MANILA, Philippines – It has been a year since the country's two dominant telecommunications firms, PLDT Incorporated and Globe Telecom Incorporated, bought the entire telecommunications assets of San Miguel Corporation, a conglomerate that was supposed to compete with them and provide consumers "high-quality mobile broadband."
On May 30, a year after the mega deal was signed, PLDT and Globe completed the last tranche of its P69.1-billion payment for San Miguel's assets. This was despite a pending case before the Supreme Court (SC) filed by no less than the Philippine Competition Commission (PCC).
Even as the Court of Appeals (CA) Special 12th Division blocked PCC from reviewing the deal, the transaction still awaits a final court ruling from the CA en banc.
"Completing the payment for the telco assets is a move that unduly preempts the forthcoming rulings of the SC and CA," the almost two-year-old independent, quasi-judicial body said in a statement on Wednesday, May 31.
For PCC, the big-ticket deal goes beyond the purchase itself because of its impact on public interest. (READ: Battle lines drawn over San Miguel's telco buyout deal)
"As with any transaction required to be notified to PCC, the P69.1-billion deal needs to be reviewed through a market competition lens to safeguard consumer welfare over the long term," said the commission, which is chaired by the former Socioeconomic Planning Secretary Arsenio Balisacan. (READ: New Internet speed minimum throwback to '90s?)
Why sell assets
For San Miguel, the mega deal averted a possible protracted legal battle over its valuable 700 megahertz (MHz) spectrum and fast-tracked delivery of high-speed Internet access to millions of mobile subscribers in the Philippines. The Ramon Ang-led conglomerate announced this months after the collapse of talks with Australian telecom company Telstra Corporation.
PLDT and Globe want the 700 MHz spectrum allocation. (READ: Telstra-San Miguel a bumpy, costly ride)
Existing operators and new entrants are drawn to the Philippines because of the undoubted growth potential in the relatively unsophisticated market. How does one unlock this potential? This is where the 700 MHz frequency band comes in.
Before the P69.1-billion deal existed, the GSM Association (GSMA) had said the Philippines and Thailand were the only countries in the Asia-Pacific that have yet to utilize the 700 MHz frequency, a key resource in providing faster Internet services.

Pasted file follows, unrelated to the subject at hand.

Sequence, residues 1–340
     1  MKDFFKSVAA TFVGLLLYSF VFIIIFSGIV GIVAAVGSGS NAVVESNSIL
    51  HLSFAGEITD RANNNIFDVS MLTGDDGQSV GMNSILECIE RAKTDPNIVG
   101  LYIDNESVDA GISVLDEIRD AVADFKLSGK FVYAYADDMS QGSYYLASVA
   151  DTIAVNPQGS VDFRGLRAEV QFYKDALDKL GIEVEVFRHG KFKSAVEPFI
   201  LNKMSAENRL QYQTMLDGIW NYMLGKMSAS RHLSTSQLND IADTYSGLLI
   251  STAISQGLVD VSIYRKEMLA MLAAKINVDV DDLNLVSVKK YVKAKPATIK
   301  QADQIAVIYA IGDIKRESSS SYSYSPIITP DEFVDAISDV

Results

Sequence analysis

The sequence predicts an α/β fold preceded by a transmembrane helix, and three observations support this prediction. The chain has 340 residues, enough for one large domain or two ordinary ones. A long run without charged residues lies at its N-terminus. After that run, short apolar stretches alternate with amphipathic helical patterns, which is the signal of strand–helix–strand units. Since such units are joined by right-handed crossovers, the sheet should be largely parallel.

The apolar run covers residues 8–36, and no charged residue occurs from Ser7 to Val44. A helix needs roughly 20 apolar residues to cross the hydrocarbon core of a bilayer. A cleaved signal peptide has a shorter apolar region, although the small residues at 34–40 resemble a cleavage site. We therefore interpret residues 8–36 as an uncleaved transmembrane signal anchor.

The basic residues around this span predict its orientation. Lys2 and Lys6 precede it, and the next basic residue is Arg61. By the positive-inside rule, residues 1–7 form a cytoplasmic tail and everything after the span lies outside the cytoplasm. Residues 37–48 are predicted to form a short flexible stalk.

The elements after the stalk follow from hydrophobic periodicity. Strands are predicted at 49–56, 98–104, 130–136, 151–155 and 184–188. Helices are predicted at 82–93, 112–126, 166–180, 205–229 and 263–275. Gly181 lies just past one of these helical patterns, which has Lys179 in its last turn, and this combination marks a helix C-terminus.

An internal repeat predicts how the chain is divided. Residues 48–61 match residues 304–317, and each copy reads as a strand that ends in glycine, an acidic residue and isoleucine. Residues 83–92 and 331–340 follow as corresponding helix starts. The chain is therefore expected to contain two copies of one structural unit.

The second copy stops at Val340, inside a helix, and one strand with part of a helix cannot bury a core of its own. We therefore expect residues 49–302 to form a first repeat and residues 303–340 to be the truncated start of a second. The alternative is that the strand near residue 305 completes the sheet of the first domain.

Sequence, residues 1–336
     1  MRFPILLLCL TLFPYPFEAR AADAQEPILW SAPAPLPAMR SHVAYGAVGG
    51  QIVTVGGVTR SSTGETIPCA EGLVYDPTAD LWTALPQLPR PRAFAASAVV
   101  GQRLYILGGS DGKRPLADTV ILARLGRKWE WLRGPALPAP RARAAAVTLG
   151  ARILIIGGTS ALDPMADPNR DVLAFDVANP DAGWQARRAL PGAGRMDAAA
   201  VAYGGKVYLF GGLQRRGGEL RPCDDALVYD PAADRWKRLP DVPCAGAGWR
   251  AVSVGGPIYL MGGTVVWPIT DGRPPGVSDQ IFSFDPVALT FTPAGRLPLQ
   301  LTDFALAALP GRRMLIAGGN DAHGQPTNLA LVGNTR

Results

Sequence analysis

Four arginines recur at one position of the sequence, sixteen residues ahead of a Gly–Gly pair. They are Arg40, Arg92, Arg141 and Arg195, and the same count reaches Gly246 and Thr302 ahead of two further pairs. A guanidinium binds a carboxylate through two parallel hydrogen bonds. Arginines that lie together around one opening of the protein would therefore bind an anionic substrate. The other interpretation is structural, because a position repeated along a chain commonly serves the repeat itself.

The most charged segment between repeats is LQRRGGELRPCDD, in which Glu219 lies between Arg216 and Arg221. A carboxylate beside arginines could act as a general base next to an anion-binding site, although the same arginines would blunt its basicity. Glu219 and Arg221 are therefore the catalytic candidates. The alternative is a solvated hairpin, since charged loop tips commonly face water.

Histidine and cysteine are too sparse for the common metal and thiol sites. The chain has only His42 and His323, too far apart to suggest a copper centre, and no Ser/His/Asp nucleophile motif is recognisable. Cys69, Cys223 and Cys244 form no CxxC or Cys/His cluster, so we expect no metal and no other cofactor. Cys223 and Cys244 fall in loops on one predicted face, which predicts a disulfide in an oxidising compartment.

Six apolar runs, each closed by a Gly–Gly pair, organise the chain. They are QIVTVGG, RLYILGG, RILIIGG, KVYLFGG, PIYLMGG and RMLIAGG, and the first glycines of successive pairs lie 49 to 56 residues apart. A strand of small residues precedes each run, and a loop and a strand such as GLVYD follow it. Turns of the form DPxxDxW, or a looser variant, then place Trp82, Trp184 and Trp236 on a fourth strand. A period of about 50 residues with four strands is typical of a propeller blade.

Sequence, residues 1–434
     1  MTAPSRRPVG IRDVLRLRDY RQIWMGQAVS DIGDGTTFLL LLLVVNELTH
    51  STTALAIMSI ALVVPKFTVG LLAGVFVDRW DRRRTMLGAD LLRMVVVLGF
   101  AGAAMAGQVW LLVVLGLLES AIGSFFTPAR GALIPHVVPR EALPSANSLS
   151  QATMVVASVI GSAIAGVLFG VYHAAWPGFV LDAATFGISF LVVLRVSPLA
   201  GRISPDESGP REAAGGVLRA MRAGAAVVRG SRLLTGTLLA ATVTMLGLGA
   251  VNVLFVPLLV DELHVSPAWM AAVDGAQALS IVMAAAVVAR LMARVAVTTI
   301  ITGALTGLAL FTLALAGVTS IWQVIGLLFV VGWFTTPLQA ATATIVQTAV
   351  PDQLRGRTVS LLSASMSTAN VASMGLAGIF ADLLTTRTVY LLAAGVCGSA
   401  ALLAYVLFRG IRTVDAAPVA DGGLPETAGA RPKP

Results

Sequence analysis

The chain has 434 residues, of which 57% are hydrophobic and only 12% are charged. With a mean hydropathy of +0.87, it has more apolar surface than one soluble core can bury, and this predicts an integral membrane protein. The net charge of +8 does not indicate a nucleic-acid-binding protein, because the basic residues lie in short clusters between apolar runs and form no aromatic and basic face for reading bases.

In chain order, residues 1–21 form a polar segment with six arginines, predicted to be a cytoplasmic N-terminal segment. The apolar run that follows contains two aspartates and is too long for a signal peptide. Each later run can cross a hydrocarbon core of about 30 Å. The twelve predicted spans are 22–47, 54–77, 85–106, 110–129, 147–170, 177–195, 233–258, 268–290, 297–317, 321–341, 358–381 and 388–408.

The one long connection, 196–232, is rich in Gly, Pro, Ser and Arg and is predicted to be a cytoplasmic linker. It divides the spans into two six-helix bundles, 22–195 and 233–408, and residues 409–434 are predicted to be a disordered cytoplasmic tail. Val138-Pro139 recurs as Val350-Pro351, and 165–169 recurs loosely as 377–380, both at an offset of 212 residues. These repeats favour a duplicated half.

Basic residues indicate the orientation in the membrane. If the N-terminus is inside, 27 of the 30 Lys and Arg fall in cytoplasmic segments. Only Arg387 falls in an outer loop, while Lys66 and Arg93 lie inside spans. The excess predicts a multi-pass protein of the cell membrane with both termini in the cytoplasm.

The 700 MHz band is key to expanding mobile broadband into the outlying islands and rural provinces in the Philippines. This would enable mobile operators to reduce capital and network costs, thereby accelerating rollout and lowering prices for end users.
PCC said that if only PLDT and Globe submitted the required notificiation, "this telco deal review would have been completed earlier."
A day after PLDT and Globe announced the buyout deal, the National Telecommunications Commission (NTC) gave the two telcos the permission to co-use certain radio frequencies in the 700 MHz previously held by San Miguel.
The co-use agreement raised concerns among several independent researchers, who see it as anti-competitive. (READ: San Miguel's sale of telco business: Will consumers benefit?)
PCC had asked PLDT and Globe for details on the co-use agreement, but the two telcos argued they had submitted a complete report and that the transaction is "deemed approved."
"For us what we want to know…the most important aspect of this transaction is the co-use agreement between the two telcos. We asked for more information on the co-use agreement with respect to 700 MHz," PCC Commissioner Stella Quimbo said during a media briefing in February.
While the commission guarantees fair evaluation for every notification, PCC said compliance with the law should nevertheless be complete and transparent. "Notifications should not be filed merely for the sake of submission."
"The PCC may be fairly new and companies are still adjusting to the regulatory framework of the Philippine Competition Act, but they must strictly adhere to the law. Globe and PLDT should not be exempted," it said.
How has it been
Amid the pending cases, PLDT and Globe have been activating cell sites using the frequency of San Miguel, deemed to be beneficial to its consumers.
Expense from its buyout of San Miguel Corporation's telecommunications business, meanwhile, had dented the net income of PLDT and Globe momentarily. (READ: Globe Telecom's Q3 net income drops by 50%)
All 400 workers of Bell Telecommunication Philippines Incorporated (BellTel) were terminated. (READ: Jobless soon: 400 consultants of scrapped 3rd telco player)
The two-year-old PCC will not stop until it gets to review the San Miguel telco buyout case, as it continues to raise concerns about competition and consumer interest.
"[We] will not back down or be intimidated by companies who have grown accustomed to unregulated business practices that hamper competition and ultimately hurt consumers," Balisacan said.
The outcome of the controversial deal is now up to the hands of the CA and SC. – Rappler.com